By Tabitha Etlinger, Associate, Saxon, Gilmore, Carraway & Gibbons, P.A.
Earlier this month, the Eleventh Circuit, in United States of America ex rel. Michael Lesinski v. South Florida Water Management District, No. 12-16082, 2014 WL 23737 (11th Cir. Jan. 2, 2014), ruled that South Florida Water Management District (“SFWMD”) could not be liable in a case brought by a private citizen under the Federal Claims Act (the “Act”). Id, at *5. The ruling itself is not entirely unexpected since the United States Supreme Court has previously held that neither a state nor its agencies can be held liable in a case by a private citizen under the Act. Vt. Agency of Natural Res. v. United States ex rel. Stevens, 529 U.S. 765, 781 (2000). The reasoning of the Eleventh Circuit in coming to this decision, although not necessarily binding precedent, could have much broader implications.
The Act allows private citizens to bring suit against ‘persons’ for making false claims for federal funds. 31 U.S.C. § 3729(a). The Eleventh Amendment to the United States Constitution generally prohibits private citizens from bringing suit in federal court against states and their agencies without their consent. Hess v. Port Auth. Trans-Hudson Corp., 513 U.S. 30, 39 (1994). The protection of the Eleventh Amendment, however, does not generally extend to local governments, such as counties and municipalities, so an analysis must be made as to whether an entity is an arm of the state or a local government entity. Lesinski, 2014 WL 23737 at *2 (citing Mt. Healthy City Sch. Dist. Bd. of Educ. v. Doyle, 429 U.S. 274, 280 (1977). In Stevens, the Supreme Court, based on a doctrine that the term ‘person’ generally does not include a sovereign state, suggested that the analysis of whether an entity is a ‘person’ under the Act is similar to the analysis of whether that same entity would enjoy immunity under the Eleventh Amendment. Stevens, 529 U.S. at 780. Based on the Stevens reasoning , the Eleventh Circuit held in Lesinski that the analysis of whether an entity is a ‘person’ under the Act should use the same established factors used to determine whether that entity would be immune from suit under the Eleventh Amendment. Lesinski, 2014 WL 23737, at *2.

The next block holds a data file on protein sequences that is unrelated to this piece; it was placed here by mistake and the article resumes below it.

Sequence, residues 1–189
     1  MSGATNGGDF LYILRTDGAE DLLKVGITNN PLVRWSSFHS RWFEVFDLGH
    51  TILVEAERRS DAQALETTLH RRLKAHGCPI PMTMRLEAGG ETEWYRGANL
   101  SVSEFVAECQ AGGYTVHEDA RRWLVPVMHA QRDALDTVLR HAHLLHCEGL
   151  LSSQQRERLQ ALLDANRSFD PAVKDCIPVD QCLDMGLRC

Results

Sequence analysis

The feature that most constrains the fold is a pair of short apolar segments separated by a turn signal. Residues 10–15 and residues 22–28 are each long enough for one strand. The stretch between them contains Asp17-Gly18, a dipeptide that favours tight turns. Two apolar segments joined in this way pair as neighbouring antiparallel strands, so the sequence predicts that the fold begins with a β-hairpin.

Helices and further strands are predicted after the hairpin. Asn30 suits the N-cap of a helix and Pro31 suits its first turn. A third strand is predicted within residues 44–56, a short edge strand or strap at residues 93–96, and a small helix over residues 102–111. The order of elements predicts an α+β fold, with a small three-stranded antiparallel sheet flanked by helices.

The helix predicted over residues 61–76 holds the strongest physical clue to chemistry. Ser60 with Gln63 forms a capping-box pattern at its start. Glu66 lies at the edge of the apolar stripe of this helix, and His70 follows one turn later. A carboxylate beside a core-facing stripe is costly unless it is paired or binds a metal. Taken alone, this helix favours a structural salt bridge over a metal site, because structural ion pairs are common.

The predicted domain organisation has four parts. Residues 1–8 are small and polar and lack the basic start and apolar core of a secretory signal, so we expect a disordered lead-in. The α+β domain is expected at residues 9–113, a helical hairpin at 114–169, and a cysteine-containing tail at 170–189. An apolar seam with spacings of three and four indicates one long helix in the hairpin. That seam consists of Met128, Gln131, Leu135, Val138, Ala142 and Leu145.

The issue of whether a water management district is immune under the Eleventh Amendment has been addressed by several federal district courts and the decisions have not been consistent. See Grimshaw v. South Florida Water Management District, 195 F. Supp. 2d 1358, 1359-61 (S.D. Fla. 2002). In Lesinski, the Eleventh Circuit applied the four part test implemented under the Eleventh Amendment consisting of “(1) how state law defines the entity; (2) what degree of control the State maintains over the entity; (3) where the entity derives its funds; and (4) who is responsible for judgments against the entity.” Lesinski, 2014 WL 23737, at *3 (quoting Manders v. Lee, 338 F.3d 1304 (11th Cir. 2003). The Eleventh Circuit found that all four of these factors indicated that SFWMD was an arm of the state and, thus, that SFWMD could not be considered a ‘person’ under the Act. Lesinski, 2014 WL 23737, at *3-*5. Oddly, however, while specifically pointing out that the analysis is the same, the Eleventh Circuit was especially careful to limit its holding in Lesinski to the Act and refused to make a specific holding that SFWMD would be immune from suit in federal court under the Eleventh Amendment. Id. at FN 9. Accordingly, while the district courts of the Eleventh Circuit are left with a fairly strong indication of how the Eleventh Circuit is likely to rule regarding immunity of water management districts, it appears that they are left without clear precedent.
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